The mid-eighteenth century. By the nineteenth century pharmacists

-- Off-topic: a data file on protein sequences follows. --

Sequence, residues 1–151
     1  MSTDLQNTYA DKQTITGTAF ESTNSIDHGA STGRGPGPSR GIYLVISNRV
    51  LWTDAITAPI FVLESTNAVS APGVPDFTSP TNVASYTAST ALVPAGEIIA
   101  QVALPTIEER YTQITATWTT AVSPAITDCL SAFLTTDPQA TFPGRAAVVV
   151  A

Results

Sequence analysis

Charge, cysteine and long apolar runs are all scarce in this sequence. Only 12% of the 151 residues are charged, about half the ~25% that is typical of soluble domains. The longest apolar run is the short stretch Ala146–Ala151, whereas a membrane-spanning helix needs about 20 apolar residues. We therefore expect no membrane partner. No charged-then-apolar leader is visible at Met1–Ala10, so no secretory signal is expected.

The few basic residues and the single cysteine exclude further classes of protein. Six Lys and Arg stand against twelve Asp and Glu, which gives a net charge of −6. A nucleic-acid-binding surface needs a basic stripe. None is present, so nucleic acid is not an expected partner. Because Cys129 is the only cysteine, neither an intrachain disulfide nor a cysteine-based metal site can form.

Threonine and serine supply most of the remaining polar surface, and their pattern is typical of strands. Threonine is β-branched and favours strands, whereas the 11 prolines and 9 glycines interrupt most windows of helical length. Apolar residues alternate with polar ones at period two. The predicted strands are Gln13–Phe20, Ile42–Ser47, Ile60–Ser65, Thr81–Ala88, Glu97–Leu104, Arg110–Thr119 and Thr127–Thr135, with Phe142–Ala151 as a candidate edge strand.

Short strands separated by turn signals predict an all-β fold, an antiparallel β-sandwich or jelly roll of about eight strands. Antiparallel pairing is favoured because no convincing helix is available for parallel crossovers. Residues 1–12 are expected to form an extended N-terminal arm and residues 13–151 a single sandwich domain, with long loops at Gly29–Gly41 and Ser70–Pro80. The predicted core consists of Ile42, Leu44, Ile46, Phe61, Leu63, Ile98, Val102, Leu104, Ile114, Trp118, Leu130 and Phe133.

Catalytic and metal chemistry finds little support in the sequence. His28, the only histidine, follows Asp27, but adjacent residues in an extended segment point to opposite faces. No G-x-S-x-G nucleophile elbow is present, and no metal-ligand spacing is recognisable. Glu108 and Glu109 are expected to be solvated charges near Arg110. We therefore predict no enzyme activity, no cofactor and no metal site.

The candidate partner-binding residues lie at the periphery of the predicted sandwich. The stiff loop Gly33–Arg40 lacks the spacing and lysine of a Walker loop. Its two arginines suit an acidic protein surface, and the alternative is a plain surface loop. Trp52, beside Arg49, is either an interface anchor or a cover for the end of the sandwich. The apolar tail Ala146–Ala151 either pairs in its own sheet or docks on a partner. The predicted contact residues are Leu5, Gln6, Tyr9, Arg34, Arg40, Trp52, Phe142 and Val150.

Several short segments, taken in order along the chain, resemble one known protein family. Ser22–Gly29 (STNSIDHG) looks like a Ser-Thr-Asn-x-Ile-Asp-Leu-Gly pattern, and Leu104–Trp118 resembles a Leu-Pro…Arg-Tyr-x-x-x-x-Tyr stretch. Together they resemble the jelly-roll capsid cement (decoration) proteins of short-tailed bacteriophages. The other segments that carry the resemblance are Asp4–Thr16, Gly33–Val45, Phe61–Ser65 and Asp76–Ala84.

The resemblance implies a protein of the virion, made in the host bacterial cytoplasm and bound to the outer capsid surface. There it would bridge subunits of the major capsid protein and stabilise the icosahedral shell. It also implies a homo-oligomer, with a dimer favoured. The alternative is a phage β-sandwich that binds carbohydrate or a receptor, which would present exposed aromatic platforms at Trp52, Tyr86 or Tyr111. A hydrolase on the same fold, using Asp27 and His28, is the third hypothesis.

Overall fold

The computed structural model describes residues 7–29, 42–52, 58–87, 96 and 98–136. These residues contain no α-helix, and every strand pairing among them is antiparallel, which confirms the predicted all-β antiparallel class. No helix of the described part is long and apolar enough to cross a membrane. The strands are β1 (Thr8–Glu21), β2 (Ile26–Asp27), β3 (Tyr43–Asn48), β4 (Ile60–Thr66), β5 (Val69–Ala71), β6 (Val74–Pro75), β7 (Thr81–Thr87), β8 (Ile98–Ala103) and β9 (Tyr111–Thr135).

The oldest examples of aspirin were found on papyrus in ancient Egypt and in clay tablets in ancient sumeria. These described medicines made from willow tree bark extract and plants rich in salicylate. Western medicine also used these medicines to reduce fevers around 400 B.C, used by Hippocrates. Willow bark extract became recognized for its potent effects on fever, pain, inflammation, etc. in the mid-eighteenth century. By the nineteenth century pharmacists were experimenting with and prescribing many chemicals related to salicylic acid, the main chemical of willow extract.In 1853, scientist Charles Frederic Gerhardt combined both acetyl chloride and sodium salicylate to produce acetylsalicylic acid. Other chemists, in the late 1800s, found the compound’s chemical structure, C9H8O4 (9 parts Carbon, 8 parts Hydrogen, 4 parts Oxygen), and found a more efficient method of synthesizing the chemical compound. In 1897, scientists at Bayer’s drug and dye firm investigated acetylsalicylic acid as a less-irritable medicine to take the place for the current common salicylate medicines, and the most efficient method of synthesizing the drug. By 1899, Bayer had named this drug Aspirin and sold it around the globe. Aspirin was Bayer’s brand name, but Bayer’s rights to the name were lost or sold in many parts of the world. Its popularity skyrocketed and so did its competition.The popularity of Aspirin declined after acetaminophen was created in 1956, and six years afterwards ibuprofen in 1962. Aspirin was later qualified as the best drug to stop clotting diseases. In the current times, Aspirin is used as a painkiller, and has been proven to help prevent heart disease. The three seeds that were used were mung bean, fenugreek, and split chickpeas. Mung beans are traditionally used in chinese and Indian cooking and is a traditional lentil used in daal. Mung Bean cultivation and domestication initially started in Persia and India. In India, archeological findings that date back to 4500 years ago say that mung bean was farmed and cultivated in areas like punjab and Haryana, but in Karnataka there is proof that it was found more than 4000 years ago. After the era of Swahili trade mung beans also came to be cultivated in Africa. When England took over India, they seized the farms and had the farms give the food to the English, which came through to the colonists after a while in circulating through England’s cooking.In 1971, Sir John Vane, at the time working at the Royal College of Surgeons of England, uncovered the mode of action of aspirin and related compounds, known as NSAIDs. This achievement ultimately got Sir John Vane, originally just John Vane, both the Nobel Prize in Physiology or Medicine for 1982 and a knighthood, as this showed him as a noble. The drug that he found from the willow bark tree extract decelerates the process of growth for the prostaglandins in the body. Aspirin and most other NSAIDs, non-steroidal anti-inflammatory drugs, decelerate the synthesis of cyclooxygenase enzymes, which usually activate the production of the molecules of prostaglandins. Prostaglandins have a wide variety of effects, acting as molecules sending information to various places to make the body start a process for inflammation and being involved in sending information regarding pain to the brain and in internal temperature regulation. Their suppression explains the analgesic (relieves pain), anti-inflammatory, and fever-reducing effects that make NSAIDs so usable. NSAIDs also thin the blood and decelerate blood-clot formation through a similar mechanism, which is why aspirin has been proven to help with heart diseases.NSAIDs can have serious side effects when taken regularly or in large doses, most notably gastrointestinal symptoms, including ulcers and stomach bleeding. Not only do the acidic molecules irritate the gastrointestinal tract, but cyclooxygenase enzymes are found in abundance in the stomach lining, where the prostaglandins they dispense play a vital role for the stomach mucosa. Reye’s syndrome, a deadly flu-like ailment, has been connected with Aspirin, which is why aspirin is no longer used to treat symptoms that seem to act like the flu in younger children. Since the development of aspirin at the end of the 19th century, a host of other NSAIDs have flooded the market, including the common over the counter drug ‘ibuprofen’. Acetaminophen, closely related in its chemical structure to aspirin, has also become extremely popular as a pain reliever, in part because it causes little irritation to the lining of the stomach. But even though scientists have found that paracetamol also affects cyclooxygenase enzymes, it is not properly an NSAID: It works in a different manner and has no anti-inflammatory or blood clot-reducing properties. Aspirin’s new role in circulatory health has confirmed its place as one of the world’s most popular NSAIDs. Studies have suggested at more helpful uses for aspirin but they have yet to be proven to be real.Since the beginning of the human race, humans were hunter-gatherers. This meant that people were moving with the seasons to follow the supply of food. As the glaciers receded and plant life changed in response, it meant that the need to move so often became slightly less essential – though undoubtedly the lifestyle carried on for thousands of years as people sought to maximize their resource acquisition. Hunter-gatherer societies would have known which crops were best to exploit with each season.Its probable that people set camps up by the most abundant areas of crops. It is also likely that they had herds of animals they had migrate with them.Archaeologists and paleontologists have traced the origins of farming to around 10,000 years ago, to a place in the Indus Valley, and possibly as another place in China by the Yangtze River. It is known that humans first domesticated crops and later livestock in large enough numbers to recognize the signs of obvious usage.Early civilization can be considered a boom time in agricultural science and technology. Around 5500 BC, the Sumerian civilization of the Middle East and other early pre Greco-Roman civilizations understood the need for a specialized agricultural workforce for their societies to thrive. It is in this period that we saw the invention of irrigation amongst other things, and this specialised workforce, and focus on agricultural technology allowed the development of the first cities. In turn, these drove the first written laws and led to the development of complex societies. From this point of view, agriculture drives civilisation: including religious practices, social attitudes and legal codes.Ancient Egypt had one of the most complex societies of the ancient world before the rise of the Greek civilization, and it was mostly thanks to their agricultural system. The River Nile relied heavily on the seasons and each year, the river would flood its banks and part of the surrounding countryside. Their civilization and indeed their religious structure, was built around the life-giving nature of the River Nile and the kingdom’s heavy reliance on the river and delta system. Most of Egypt was desert with a few key oases, which means that the agriculture centered on a very small part of the country.The Greeks and Romans took much of their agricultural technology from other civilizations with which they had contact – most notably those of the ancient Near East such as Mesopotamia, via Sumeria. From Egypt, those societies took direct influence once the country was conquered by Alexander the Great and later by the Roman Republic. It was here at the birth of modern civilization that we saw true large-scale animal and plant agriculture. Technology may not have advanced a large deal, but the processes made agriculture efficient enough to sustain the empire’s large cities, making it a necessary industry.The Middle East had major developments in agricultural industries, but in the while Europe little had changed before the rise of the kingdoms in the 1000’s when the church was the main part of the upper class. There were extremely significant technological advances in this period for agriculture and they changed landscapes on a massive scale, floodplains being drained, wild woodlands having all trees cut down becoming plains, and bracken cleared for pasteurization. Also,The effects of aspirin has been a topic between health organizations, researchers, and scientists for years. Aspirin has been known to relieve people of pain, but in the while removing numerous amounts of nutrients from our body. Agriculture has been a studied topic for paleontologists and scientists on how long ago they can trace the markings of humans, both in China and by the Indus River. In brief, aspirin is a drug not meant for plants, and agriculture has been in our culture since it began.